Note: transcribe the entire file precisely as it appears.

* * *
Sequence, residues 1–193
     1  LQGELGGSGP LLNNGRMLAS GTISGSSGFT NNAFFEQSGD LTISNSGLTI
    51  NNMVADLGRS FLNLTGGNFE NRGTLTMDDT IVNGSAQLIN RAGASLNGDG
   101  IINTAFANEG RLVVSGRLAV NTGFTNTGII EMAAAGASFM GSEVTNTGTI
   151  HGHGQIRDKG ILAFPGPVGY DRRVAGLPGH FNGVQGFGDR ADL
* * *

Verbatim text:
Sequence, residues 1–193
     1  LQGELGGSGP LLNNGRMLAS GTISGSSGFT NNAFFEQSGD LTISNSGLTI
    51  NNMVADLGRS FLNLTGGNFE NRGTLTMDDT IVNGSAQLIN RAGASLNGDG
   101  IINTAFANEG RLVVSGRLAV NTGFTNTGII EMAAAGASFM GSEVTNTGTI
   151  HGHGQIRDKG ILAFPGPVGY DRRVAGLPGH FNGVQGFGDR ADL